Nigerians are suffering. Millions are in pain. The nation is on her knees.
Nigerian celebrities have very strong influence on the youth, but they rarely use the power of their voice to shape national dialogue and speak truth to power. At best they’ve mostly been pawns in the hands of politicians. Most of them for hire to the highest bidder.
The country itself has been plagued with bad governance since 1999, after the military handed over, despite the various changes in Aso Rock.
But we have a history of Nigerian celebrities protesting against bad governance. Nigerian musicians such as Sunny Okosun, Fela Anikulapo Kuti, Ras Kimono have in the past lent their voices to campaign against military dictatorships and ineffective civilian governments.
In 2010, theNETng published an article about the strange marriage between music and politics that highlighted how musicians can be a force for good for a nation.
2baba is one of the few to remain consistent with his message and character. Lyric after lyric, song after song. With each election year for as long as he’s been active, he’s added his voice to voter education, to peace and justice and worked with more organisations than any of his contemporaries to create awareness.
‘I have dedicated my time and resources to peace building, voter education towards peaceful elections and youth engagement in governance in Nigeria. This time around, my partners, colleagues and I have come together to present a platform for real Nigerians to communicate their real pains to government at all levels in a peaceful and articulate manner with a view to getting lasting solutions to our problems,’ 2baba said during an internet broadcast, Tuesday, on the planned protest.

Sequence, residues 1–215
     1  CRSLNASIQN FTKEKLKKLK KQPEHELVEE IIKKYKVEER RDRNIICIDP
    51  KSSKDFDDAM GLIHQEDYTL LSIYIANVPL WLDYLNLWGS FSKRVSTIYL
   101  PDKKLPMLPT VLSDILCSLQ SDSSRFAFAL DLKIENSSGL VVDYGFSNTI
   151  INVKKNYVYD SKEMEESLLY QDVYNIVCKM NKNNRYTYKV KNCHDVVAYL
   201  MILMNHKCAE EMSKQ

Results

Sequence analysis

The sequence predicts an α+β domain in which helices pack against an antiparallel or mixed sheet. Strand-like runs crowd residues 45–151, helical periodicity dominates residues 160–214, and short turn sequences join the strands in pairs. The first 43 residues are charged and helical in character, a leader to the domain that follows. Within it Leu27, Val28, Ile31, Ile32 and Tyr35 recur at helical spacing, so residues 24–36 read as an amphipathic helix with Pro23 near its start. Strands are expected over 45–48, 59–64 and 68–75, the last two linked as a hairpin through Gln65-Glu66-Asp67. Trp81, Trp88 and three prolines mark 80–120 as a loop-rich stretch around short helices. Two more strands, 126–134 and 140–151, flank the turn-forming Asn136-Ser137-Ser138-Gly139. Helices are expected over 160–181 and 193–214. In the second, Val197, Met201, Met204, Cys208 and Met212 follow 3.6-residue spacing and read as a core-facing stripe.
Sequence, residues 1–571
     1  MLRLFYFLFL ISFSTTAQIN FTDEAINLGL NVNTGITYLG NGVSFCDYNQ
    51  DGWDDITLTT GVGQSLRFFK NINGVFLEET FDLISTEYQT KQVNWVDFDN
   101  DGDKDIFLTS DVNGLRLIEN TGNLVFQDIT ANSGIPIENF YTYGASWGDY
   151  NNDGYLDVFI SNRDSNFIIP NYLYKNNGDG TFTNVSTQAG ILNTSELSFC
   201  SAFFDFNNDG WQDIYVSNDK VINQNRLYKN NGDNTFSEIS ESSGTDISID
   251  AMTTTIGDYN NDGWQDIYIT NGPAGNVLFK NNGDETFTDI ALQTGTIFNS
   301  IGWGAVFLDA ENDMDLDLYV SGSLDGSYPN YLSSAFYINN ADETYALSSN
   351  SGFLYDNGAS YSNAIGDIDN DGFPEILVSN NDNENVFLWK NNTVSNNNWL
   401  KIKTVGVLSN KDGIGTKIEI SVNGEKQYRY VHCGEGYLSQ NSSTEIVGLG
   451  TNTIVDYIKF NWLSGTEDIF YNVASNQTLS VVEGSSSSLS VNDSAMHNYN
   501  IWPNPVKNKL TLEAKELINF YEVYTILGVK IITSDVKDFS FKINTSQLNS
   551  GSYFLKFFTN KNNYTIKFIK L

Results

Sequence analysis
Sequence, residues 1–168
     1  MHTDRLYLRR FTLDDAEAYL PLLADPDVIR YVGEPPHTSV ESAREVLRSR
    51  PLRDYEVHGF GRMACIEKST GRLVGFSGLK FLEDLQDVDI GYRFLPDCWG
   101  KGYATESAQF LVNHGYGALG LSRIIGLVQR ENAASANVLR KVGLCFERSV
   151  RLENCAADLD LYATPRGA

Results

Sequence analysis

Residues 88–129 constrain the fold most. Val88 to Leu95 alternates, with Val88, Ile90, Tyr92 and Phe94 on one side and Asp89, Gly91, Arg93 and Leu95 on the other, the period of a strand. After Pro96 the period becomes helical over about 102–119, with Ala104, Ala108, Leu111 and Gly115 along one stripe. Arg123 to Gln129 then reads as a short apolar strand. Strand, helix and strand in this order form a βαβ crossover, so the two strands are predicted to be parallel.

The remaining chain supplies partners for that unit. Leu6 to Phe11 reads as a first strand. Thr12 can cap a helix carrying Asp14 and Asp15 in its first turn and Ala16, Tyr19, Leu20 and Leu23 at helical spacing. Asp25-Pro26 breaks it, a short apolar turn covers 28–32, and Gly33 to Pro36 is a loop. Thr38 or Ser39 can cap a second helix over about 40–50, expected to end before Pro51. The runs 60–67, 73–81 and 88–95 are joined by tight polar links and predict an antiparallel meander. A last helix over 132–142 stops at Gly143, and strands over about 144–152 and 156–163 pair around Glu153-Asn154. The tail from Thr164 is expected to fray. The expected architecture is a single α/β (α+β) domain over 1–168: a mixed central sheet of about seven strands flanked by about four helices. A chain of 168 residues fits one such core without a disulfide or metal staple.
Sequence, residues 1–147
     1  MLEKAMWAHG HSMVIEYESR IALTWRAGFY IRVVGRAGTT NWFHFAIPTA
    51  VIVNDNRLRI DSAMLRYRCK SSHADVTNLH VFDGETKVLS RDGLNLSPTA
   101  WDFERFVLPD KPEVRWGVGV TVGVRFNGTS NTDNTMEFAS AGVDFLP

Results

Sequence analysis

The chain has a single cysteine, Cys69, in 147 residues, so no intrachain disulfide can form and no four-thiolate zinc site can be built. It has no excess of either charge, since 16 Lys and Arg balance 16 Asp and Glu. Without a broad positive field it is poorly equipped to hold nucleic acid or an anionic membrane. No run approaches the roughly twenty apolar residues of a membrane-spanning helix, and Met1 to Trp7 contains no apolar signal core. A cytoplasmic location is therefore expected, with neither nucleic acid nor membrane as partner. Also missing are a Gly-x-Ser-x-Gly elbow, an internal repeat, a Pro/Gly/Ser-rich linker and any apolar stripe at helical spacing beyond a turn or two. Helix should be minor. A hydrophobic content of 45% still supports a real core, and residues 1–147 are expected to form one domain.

Now that he’s risking everything he’s worked for; risking his life and that of his family; now that he’s putting himself out there so we can kick start a conversation about reclaiming our country and hopes, we believe it’s important for everyone interested in the future of this great country to stand by him; to add their voice and demonstrate that this is not just another jamboree.
Nigerians are suffering. Millions are in pain. The nation is on her knees. The nation’s GDP, a major indicator of a country’s economic strength has shrunk by 2.24% in the third quarter of 2016, according to the government’s own National Bureau of Statistics.
The resulting recession has hit hard on Nigerians with year-on-year inflation reaching 18.5% in December 2016. The nation’s foreign exchange has also been hit hard with the naira exchanging to the dollar at upwards of N450.
The price of crude oil in the world market, the major foreign exchange earner for the country has crashed from the highs of $145 to about $50.
We desperately need to do something. We know this. You know this. Everyone knows. Just in case the government does not, we have an opportunity to join @official2baba on Monday and give them the information they need.
And if they’re hard of hearing, we’ll scream louder; we’ll write it for them, we’ll say it with photos and videos and song. From Lagos to Abuja and elsewhere.
It’s an important national call and we are grateful for the opportunity to answer.
How about you?
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